This week the French photographer and artist JR is working in and with the city of Shanghai on a project called The Wrinkles of the City 城市肌理. The anonymous artist hit this week the international spotlights, as he received the 2011 TED Prize for his work. In preparation for his upcoming show at Magda Danysz Gallery in Shanghai, JR and his crew were working in a dilapidated area in Shanghai. MovingCities joined the artist on site, conducted an interview and returned with snapshots.
Last Wednesday, shortly after the announcement, the New York Times wrote a short introduction to JR’s work called ‘Award to Artist Who Gives Slums a Human Face‘. The project JR is currently working on in Shanghai, The Wrinkles of the City, deals with memory, aging, a city under transformation:
The project starts with portraits of elderly people who represent the memory of a city past. JR interviews each person and records the changes witnessed in the city. Then these portraits, printed in monumental sizes, are pasted in the very same city in various places that inspire JR and represent the city’s heritage. Memory can stumble and fall – disappear any minute as the elderly leave us – JR shows us that it is important not to forget what the elderly have to pass on to younger generations. Without any judgment, JR just gives us bits of history in an artistic, yet poetic, social and above all, human way.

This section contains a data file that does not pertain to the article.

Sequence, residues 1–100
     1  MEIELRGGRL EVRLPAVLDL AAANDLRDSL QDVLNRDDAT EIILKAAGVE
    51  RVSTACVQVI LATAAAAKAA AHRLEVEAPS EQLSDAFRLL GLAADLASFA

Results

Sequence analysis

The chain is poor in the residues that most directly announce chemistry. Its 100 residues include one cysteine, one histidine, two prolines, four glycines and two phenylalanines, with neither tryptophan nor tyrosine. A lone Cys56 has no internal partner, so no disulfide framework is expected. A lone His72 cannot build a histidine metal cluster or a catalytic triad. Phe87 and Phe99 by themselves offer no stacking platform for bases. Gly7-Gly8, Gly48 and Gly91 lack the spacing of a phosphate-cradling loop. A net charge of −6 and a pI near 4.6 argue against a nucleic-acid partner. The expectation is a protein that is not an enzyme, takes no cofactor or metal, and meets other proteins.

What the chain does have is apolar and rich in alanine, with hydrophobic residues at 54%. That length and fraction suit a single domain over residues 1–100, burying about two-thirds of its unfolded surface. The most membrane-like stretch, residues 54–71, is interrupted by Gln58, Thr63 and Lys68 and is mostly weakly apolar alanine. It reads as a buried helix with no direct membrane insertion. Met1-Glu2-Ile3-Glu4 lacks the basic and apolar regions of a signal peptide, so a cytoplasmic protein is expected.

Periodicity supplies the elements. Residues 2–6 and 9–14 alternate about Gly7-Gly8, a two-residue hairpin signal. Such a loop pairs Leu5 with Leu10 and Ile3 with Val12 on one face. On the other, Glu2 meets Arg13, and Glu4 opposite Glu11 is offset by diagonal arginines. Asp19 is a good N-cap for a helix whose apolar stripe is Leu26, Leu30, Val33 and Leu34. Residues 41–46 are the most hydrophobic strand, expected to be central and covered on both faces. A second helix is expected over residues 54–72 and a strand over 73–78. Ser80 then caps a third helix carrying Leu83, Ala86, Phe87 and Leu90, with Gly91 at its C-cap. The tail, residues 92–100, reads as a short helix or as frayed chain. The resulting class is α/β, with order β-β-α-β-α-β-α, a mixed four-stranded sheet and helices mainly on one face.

Since 2001, JR has been working on similar projects in Paris, Sierra Leone, Liberia, Southern Sudan and Kenya and a project called ‘Israelis and Palestinians – Portrait of Twin Brothers’, upon which we stumbled in 2008 (see The Wall | Bethlehem snapshots).
As we love cities, art, the street, activism, action, anonymity, photography and destruction, we were pleased to witness of all this happening. Snapshots, before we follow up with an interview in a few weeks!
Pictures by movingcities.org
with special thanks to: